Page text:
The Prodigy is a multi-part story, based on events taking place in central Kansas earlier this spring. This is Part Two. Part One can be found here.
Fields of sorghum give way to fields of hay along the Hamm Quarry Road south of Onaga, broken up by the occasional scrub cedar, and the Church of Luke cuts a stark figure as the only standing structure for a mile in either direction. It's a crudely built edifice, the cheap pine boards now marred by creeping rot from 27 years of driving rain, and local records indicate that the town has tried unsuccessfully to have it condemned on at least two occasions. There is a definite leeward tilt to the church, a product of the prevailing wind that has battered its thin walls since it was first built by inexpert hands. There are no crosses outside, no sign at all, in fact, that you've come to a house of worship, and only the words burnt into the wood above the heavy door give an indication as to what you might find inside:
And Now Also the Axe is Laid Unto the Root of the Trees
It is a quote from John the Baptist in the Gospel of Luke, King James version, as he prepares his people for the coming of the Messiah. The next line takes this sense of impending violence and makes the threat explicit: "every tree therefore which bringeth not forth good fruit is hewn down, and cast into the fire."
Lest we spend too much time analyzing the biblical passage, it's worth noting that the Church of Luke has its own interpretation of these words, of the entire New Testament, and of Christianity in general, and it's not an interpretation that is supported by almost anyone outside of its roughly 70 members. Their belief system finds its justification in biblical passages, but is largely based on the vision of a missionary named Leander Gates. In 1995, Gates and three fellow missionaries were driving through Kansas when their RV broke down on Hamm Quarry Road on a cold December night in the middle of a snowstorm. They were unable to flag down any help, and as the situation became increasingly dire, Gates turned to prayer. Together, the four of them huddled in the back of the RV for warmth, and in the night, Gates claimed to have a vision. In a .pdf available for download on the church's rudimentary website, he describes what he saw:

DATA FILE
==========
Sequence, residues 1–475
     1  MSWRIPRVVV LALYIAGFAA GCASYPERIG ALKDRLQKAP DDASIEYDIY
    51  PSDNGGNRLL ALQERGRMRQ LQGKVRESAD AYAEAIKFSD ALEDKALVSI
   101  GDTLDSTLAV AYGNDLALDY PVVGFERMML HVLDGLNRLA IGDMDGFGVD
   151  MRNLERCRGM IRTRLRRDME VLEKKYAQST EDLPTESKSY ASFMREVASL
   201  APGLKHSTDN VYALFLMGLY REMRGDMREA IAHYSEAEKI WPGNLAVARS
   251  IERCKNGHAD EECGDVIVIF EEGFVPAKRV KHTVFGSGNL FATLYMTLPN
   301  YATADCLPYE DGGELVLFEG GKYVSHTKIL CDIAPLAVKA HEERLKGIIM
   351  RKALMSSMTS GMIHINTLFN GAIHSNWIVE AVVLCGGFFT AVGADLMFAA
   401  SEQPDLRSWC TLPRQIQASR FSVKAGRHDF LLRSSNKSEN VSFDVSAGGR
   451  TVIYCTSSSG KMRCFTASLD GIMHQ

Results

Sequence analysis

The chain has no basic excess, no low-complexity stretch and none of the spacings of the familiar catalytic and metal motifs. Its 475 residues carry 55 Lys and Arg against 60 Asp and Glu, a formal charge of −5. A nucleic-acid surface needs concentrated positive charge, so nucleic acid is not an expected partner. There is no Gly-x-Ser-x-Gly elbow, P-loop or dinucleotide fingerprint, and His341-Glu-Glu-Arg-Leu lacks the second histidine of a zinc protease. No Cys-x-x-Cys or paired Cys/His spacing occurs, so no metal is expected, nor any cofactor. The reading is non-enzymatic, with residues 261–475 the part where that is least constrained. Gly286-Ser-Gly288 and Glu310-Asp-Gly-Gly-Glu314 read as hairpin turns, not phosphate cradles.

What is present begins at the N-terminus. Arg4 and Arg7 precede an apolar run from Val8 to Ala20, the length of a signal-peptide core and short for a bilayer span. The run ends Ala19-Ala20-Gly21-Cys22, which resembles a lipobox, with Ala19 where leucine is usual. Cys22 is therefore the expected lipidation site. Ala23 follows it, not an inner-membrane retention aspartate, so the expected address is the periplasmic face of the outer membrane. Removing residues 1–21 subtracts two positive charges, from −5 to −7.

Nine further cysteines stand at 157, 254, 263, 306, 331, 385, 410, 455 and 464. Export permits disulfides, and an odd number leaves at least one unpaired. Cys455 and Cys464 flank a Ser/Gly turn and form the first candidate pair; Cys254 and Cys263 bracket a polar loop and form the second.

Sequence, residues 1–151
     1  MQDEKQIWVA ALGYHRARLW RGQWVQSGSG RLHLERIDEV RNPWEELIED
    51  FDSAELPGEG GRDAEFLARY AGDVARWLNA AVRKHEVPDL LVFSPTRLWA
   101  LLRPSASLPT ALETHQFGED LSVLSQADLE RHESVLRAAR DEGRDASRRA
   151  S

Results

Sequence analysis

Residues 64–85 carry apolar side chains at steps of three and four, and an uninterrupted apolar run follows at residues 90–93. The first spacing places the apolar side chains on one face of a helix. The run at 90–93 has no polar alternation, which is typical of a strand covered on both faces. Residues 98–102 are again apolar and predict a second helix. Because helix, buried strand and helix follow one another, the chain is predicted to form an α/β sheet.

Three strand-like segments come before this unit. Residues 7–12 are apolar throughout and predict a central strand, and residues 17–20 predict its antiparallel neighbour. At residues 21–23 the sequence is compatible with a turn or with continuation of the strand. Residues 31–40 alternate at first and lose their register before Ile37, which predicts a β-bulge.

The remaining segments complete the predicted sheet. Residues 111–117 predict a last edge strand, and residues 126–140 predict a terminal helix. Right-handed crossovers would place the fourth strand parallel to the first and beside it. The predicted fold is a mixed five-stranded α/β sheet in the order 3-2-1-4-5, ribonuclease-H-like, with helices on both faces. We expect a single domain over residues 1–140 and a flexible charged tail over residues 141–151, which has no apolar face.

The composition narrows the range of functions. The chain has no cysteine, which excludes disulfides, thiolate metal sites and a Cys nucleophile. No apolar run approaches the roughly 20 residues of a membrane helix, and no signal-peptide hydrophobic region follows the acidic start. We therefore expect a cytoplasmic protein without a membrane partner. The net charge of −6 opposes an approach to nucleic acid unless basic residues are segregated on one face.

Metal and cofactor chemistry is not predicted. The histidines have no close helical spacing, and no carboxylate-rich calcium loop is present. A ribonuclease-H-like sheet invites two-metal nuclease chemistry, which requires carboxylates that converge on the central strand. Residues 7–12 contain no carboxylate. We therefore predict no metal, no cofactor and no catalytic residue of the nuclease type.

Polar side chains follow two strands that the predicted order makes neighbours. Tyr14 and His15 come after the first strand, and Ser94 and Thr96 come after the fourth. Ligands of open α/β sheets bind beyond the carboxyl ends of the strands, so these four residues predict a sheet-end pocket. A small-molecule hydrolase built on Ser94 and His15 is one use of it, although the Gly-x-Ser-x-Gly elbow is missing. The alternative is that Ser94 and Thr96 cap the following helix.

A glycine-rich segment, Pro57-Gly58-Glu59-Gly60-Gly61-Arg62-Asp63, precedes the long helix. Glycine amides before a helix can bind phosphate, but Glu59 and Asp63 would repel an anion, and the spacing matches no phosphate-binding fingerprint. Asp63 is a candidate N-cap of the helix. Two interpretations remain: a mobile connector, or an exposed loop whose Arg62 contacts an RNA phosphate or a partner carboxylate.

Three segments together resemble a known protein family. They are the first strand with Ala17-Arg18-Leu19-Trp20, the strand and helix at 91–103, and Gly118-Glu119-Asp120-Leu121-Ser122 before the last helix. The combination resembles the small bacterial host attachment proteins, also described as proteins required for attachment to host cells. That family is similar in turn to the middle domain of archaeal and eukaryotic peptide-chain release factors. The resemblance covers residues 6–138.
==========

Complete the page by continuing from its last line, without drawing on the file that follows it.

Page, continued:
"The words of Luke 3:8-10 floated above these very fields, but instead of the snow which fell outside, flames licked around the rivers of blood, and stretched before me were the burning bodies of ten thousand infidels, and all around me were the screams of agony."
In the morning, Gates and his companions were rescued, and proclaimed their survival a miracle. Despite the fact that temperatures fell below zero that night, the story goes, they woke up infused with warmth. Gates took it a step further, saying that God had brought them to that very spot on purpose, that the breakdown of their RV was no accident, and that, essentially, he was another John the Baptist, having been given the gift of revelation. It was in this very spot, in Onaga, Kansas, where the messiah would return, and Gates was the herald who had been chosen to spread the message. He changed his name to Cainan, one of the men in the lineage supposedly tracing Jesus to Adam, and today has taken to being called "The Revelator."